That potential big MMA fighter for Paul to face next year could be Nathan Diaz, who is approaching the end of his UFC contract and really seems keen on fighting Vicente Luque. Why the UFC isn’t jumping all over this fight is beyond me.
I don’t think Sean O’Malley is ducking anyone. I don’t think he is afraid to fight any big names. But he is 100 percent right when he says, essentially, what’s the point in fighting big names for his current pay, which is relatively low considering his star power? He told me on Monday that he has three fights left on his deal. He wants to finish those up and see where his future lies. Things can get supremely interesting for him if he wins those three fights and tests the free agent market. He’ll have the kind of leverage we haven’t seen from a free agent in quite some time, if he chooses to do so.
My bud Adam Glyn, who’s one of the hardest working (and nicest) media guys in NYC, caught up with Conor McGregor outside his hotel yesterday. Here’s that convo:
If I’m a major boxing promoter or network that televises boxing, I’m talking to Anderson Silva’s people right now. There’s some legitimate intrigue and excitement surrounding Silva’s foray in the sweet science, not to mention money to be made. What a cool, unexpected story in 2021.
Am I the only one who finds it hard to believe that Nick Diaz is fighting again in less than two weeks? I mean, I did predict at the beginning of the year he’d fight this year, but I just can’t believe it’s actually, almost here. I just hope he’s doing this for the right reasons: because he wants to. Not because he has to. Big difference.
Speaking of flying under the radar, Yoel Romero makes his Bellator debut on Saturday versus Phil Davis. His first fight since March 2020. It’s a shame his Bellator debut didn’t happen against Anthony Johnson in May, because there seems to have been way more buzz for that fight than this one.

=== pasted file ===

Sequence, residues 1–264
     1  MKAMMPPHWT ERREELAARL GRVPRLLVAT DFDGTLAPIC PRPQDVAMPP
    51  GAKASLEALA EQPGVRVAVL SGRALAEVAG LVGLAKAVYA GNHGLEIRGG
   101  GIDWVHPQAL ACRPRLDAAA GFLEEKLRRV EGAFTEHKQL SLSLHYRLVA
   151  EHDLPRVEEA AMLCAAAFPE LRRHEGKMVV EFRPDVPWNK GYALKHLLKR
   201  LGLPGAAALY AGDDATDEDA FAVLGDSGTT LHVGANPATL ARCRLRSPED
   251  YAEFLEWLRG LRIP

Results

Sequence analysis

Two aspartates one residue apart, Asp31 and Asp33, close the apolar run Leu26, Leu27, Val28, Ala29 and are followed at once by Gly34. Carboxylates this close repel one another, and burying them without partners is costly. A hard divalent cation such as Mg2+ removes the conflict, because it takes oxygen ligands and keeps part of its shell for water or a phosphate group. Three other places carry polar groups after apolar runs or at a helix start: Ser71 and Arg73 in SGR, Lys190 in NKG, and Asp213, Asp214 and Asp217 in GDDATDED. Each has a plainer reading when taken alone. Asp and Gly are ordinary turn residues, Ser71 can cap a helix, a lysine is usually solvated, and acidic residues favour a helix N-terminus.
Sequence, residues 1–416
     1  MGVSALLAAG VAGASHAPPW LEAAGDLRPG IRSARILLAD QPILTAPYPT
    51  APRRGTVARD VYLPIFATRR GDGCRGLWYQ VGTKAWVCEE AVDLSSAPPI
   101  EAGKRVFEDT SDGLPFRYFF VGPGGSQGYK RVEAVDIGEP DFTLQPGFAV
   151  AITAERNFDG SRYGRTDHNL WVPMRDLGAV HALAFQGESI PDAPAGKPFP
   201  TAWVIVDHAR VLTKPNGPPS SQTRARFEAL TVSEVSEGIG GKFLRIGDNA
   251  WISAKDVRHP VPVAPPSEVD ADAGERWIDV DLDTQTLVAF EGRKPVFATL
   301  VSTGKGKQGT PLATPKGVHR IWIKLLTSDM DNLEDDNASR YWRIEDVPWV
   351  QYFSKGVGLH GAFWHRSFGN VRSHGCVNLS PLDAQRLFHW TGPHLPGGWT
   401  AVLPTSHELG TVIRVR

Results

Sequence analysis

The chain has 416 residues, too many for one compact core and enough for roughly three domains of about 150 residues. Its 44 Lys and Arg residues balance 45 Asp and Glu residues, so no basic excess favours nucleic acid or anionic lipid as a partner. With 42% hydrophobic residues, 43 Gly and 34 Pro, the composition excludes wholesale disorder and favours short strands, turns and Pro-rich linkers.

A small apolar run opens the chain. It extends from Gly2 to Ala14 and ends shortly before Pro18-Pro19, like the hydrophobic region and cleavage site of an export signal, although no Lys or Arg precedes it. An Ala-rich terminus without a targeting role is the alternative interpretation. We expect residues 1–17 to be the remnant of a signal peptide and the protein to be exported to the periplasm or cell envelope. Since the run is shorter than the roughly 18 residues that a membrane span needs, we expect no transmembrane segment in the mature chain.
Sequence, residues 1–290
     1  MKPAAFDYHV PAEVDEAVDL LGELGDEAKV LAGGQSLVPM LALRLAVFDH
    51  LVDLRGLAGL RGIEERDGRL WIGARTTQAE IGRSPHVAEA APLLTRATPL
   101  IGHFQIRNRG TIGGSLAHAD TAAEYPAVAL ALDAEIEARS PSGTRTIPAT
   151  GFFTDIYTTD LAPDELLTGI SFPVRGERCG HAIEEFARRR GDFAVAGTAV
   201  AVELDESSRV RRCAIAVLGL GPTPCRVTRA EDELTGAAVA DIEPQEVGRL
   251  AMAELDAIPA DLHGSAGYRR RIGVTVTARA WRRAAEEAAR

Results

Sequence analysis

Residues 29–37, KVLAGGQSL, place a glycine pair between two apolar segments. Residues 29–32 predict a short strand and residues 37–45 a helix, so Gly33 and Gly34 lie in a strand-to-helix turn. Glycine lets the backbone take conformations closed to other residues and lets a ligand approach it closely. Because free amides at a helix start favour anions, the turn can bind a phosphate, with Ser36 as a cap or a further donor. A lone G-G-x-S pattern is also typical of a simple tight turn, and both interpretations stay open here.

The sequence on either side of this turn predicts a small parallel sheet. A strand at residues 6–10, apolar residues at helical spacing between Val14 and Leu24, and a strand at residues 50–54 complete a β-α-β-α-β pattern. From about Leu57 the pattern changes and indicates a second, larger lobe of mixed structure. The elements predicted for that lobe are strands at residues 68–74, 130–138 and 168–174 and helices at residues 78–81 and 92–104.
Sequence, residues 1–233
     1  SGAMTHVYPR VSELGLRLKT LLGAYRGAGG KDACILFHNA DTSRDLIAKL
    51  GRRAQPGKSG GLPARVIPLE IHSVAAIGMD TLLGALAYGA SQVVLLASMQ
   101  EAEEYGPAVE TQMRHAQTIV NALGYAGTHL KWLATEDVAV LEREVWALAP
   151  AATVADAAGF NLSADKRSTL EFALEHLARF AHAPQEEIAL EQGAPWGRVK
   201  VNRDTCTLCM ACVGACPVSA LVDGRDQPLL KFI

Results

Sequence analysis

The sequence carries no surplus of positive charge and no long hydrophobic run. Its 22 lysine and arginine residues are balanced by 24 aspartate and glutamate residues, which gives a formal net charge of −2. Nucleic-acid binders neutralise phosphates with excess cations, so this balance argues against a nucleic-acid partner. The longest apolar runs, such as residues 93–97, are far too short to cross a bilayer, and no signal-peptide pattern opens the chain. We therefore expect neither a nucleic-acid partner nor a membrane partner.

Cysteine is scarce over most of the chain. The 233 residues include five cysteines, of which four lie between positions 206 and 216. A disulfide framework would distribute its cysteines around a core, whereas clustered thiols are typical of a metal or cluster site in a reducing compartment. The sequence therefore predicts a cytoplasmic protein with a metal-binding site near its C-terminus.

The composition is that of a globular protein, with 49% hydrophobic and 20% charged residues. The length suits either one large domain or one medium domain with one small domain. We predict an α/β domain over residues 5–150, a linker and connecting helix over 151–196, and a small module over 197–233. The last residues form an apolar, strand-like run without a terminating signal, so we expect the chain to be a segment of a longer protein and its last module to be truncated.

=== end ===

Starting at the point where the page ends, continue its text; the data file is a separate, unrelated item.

That main event goes up against the UFC’s fight night card, headlined by Anthony Smith vs. Ryan Spann, though the Bellator event will end later. In the past I haven’t loved when the UFC and Bellator ran the same nights, but considering how thin both cards are, I dig it this time.
Also, how crazy is it that Romero’s Bellator debut is happening in the same building, the SAP Center in San Jose, Calif., where his amazing UFC debut happened over eight years ago?!
PFL star and soon-to-be free agent Kayla Harrison is going to be at the AEW tapings on Wednesday. Dan Lambert, her friend and the founder of the gym she trains out of, American Top Team, is heavily involved in AEW these days. Harrison is a known pro wrestling hater, but I am kinda hoping she secretly falls in love with it like she fell in love with MMA after being an MMA hater. She has the gift of gab and could be a better pro wrestler than Ronda Rousey, in my opinion.
Have you secured your Heelwani merch yet? Only the coolest cats are rocking it and it’s limited ! All of my proceeds are going to the great charity, No Kid Hungry.
Congrats to CFFC on their 100th event this week. That’s a great achievement. It’s important to have more promotions out there like CFFC.
Rest in peace, Suzy Friton. The long-time UFC makeup artist passed away last week after a long battle with cancer. Suzy Q, as she was affectionately known, was much more than just a makeup artist. She was part of the fabric of the UFC. She was a best friend to every employee, fighter and Octagon Girl. She had an infectious smile and laugh, and always seemed to be in an upbeat mood. She always went out of her way to make everyone feel loved and cared for, including me, and was one of those people who really seemed to have a special joie de vivre. I was so sad to hear of her passing. Beautiful souls like Suzy are what this world sorely needs. She will be missed.
Rest in peace, Norm Macdonald. What a bummer. What a legend. May he rest in peace.
(Photo by Matt King/Getty Images)